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Preliminary Results of an NSF Sponsored Cross Institutional Study for Assessing the Spectrum of International Undergraduate Engineering Educational Experiences and IDI Results of Short-Term Study Abroad (University of Rhode Island)

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Conference

2017 ASEE International Forum

Location

Columbus , Ohio

Publication Date

June 28, 2017

Start Date

June 28, 2017

End Date

June 28, 2017

Conference Session

Concurrent Paper Tracks Session II - Curriculum II

Tagged Topic

Main Forum (Podium Presentation)

Page Count

11

Permanent URL

https://peer.asee.org/29293

Download Count

39

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Paper Authors

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Sigrid -- Berka University of Rhode Island

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Dr. Sigrid Berka is the Executive Director of the International Engineering Program (IEP) at the University of Rhode Island, and also the Director of the German and the Chinese IEP, responsible for building academic programs with exchange partners abroad, internship placements for IEP’s dual degree students, corporate relations and fundraising for the IEP. Bi-annually, the IEP organizes the Colloquium on International Engineering Education. Under Sigrid’s leadership, the IEP received NAFSA’s Senator Paul Simon Spotlight Award for innovative campus internationalization (2011), and the Andrew Heiskell Award for an innovative study abroad program (2012) by the Institute for International Education. She was Co-PI of the winning grant proposal (PI Megan Echevarría) chosen as one of four to launch President Obama’s 100,000 Strong Initiative in the Americas (2014). Sigrid serves as Co-Editor, with Damon Rarick, of the Online Journal for Global Engineering Education (OJGEE) as well as on the Provost’s Global Education Steering Committee. She also serves on the DAAD Alumni Association Board. Since she began working at URI in 2009, the IEP has seen an enrollment increase of 18 % and added an Italian branch. Sigrid has raised close to a million dollars in corporate, foundation, government and private funds for the IEP. She held prior positions as Coordinator, then Managing Director of the MIT Germany Program (1996-2009) and as Assistant Professor of German Studies at Barnard College (1990-96). She has published a book and numerous articles on 19th and 20th German Literature, co-authored an intermediate German textbook, and has more recently published several articles in the area of International Engineering Education.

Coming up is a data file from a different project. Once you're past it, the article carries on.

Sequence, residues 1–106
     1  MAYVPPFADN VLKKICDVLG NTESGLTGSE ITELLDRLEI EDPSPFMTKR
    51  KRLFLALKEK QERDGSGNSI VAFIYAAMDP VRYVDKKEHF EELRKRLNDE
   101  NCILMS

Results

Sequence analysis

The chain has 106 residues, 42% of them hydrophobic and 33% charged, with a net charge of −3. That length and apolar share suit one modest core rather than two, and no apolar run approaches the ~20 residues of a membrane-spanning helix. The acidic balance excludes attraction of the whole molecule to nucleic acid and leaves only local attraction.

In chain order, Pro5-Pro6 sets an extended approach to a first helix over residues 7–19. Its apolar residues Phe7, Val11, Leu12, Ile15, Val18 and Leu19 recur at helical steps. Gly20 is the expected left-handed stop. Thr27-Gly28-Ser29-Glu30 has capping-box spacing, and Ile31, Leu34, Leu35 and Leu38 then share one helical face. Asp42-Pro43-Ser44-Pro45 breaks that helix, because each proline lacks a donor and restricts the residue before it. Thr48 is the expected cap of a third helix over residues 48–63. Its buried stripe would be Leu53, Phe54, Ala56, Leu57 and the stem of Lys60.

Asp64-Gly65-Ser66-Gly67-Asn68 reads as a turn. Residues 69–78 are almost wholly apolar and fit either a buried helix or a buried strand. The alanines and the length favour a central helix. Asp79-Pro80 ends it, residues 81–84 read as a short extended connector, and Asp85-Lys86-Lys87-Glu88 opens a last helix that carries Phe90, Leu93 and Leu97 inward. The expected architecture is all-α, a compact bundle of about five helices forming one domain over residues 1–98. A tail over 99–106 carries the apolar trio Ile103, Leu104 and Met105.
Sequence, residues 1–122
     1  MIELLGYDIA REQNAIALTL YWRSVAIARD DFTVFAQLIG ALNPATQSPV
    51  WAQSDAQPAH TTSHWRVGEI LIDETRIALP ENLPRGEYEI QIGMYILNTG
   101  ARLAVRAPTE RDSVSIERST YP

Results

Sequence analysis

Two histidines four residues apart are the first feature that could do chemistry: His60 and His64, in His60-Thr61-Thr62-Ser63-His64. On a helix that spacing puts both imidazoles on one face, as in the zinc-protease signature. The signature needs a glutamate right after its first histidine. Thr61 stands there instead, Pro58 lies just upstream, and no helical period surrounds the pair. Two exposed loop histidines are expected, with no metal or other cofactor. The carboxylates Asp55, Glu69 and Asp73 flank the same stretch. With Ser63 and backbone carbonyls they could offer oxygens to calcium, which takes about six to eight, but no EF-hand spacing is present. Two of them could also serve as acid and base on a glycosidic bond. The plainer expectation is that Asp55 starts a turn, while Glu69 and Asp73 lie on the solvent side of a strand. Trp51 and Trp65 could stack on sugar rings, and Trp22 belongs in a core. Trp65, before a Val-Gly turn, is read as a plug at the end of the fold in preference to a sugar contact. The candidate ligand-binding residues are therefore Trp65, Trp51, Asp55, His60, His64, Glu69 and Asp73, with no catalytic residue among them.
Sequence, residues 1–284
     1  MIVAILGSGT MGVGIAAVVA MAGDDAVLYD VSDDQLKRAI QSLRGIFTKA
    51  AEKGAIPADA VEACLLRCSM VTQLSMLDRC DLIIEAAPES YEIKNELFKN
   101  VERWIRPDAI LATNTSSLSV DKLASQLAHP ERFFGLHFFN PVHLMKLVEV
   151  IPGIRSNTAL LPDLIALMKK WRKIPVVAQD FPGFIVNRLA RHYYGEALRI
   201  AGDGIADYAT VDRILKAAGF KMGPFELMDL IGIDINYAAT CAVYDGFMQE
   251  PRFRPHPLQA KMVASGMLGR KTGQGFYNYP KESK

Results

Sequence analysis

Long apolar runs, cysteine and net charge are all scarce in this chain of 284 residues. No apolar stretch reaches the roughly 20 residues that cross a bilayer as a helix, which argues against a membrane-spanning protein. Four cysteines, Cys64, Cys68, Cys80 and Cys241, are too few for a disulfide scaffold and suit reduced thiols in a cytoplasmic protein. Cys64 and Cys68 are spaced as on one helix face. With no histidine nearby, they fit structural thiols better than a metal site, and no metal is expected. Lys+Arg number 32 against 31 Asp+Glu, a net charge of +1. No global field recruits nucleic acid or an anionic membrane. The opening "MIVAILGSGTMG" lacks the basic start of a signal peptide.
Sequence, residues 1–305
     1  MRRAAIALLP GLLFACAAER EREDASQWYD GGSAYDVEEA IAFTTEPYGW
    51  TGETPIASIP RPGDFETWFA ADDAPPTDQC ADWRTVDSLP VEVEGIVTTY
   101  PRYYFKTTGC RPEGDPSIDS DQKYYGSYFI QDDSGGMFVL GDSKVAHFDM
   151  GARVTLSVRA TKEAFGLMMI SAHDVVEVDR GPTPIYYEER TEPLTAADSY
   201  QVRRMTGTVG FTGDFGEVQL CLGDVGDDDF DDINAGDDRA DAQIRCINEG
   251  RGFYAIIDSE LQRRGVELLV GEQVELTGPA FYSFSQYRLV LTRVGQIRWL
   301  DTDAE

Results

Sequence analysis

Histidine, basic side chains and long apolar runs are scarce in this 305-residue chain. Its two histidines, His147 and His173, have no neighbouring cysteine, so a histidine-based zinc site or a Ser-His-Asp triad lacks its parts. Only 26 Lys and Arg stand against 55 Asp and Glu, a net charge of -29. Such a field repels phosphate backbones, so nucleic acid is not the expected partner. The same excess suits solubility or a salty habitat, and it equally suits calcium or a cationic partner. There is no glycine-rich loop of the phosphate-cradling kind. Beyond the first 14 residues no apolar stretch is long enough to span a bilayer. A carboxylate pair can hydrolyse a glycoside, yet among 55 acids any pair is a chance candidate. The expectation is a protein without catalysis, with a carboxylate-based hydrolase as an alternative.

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Anett Geithner University of Rhode Island; DAAD

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Anett Geithner teaches German language, literature and film classes in the Department of Modern and Classical Languages at the University of Rhode Island where she has been working as a fulltime lecturer since fall 2013 on behalf of the German Academic Exchange Service (DAAD). She studied English, Russian and German as a Foreign Language in Germany and the UK, and worked worldwide as a language instructor e.g. in Bangalore, India, in Odessa, Ukraine, and at Technische Hochschule Brandenburg, Germany.
Her research interests include Content and Language Integrated Teaching, Online and Hybrid Education, Intercultural Competence Development, and Contemporary German Literature and Film. Her teaching interests focus on Foreign Language Teaching Methodology, German for professional purposes (e.g. Engineering), and German as a Second Language.

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Eric Kaldor University of Rhode Island

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Eric Kaldor serves as Assistant Director for Faculty Development in the Office for the Advancement of Teaching & Learning at URI. He received his Ph.D. in 2005 from Rutgers University in economic and organizational sociology. In addition to Introduction to Sociology, he has taught courses around globalization and development, work and organizations, sociology of money, and sociological theory. He became a qualified administrator for the Intercultural Development Inventory in 2013 and has used the instrument with students and departments at various institutions to assess programs, improve workplace awareness, and help individual develop their intercultural understanding and orientation.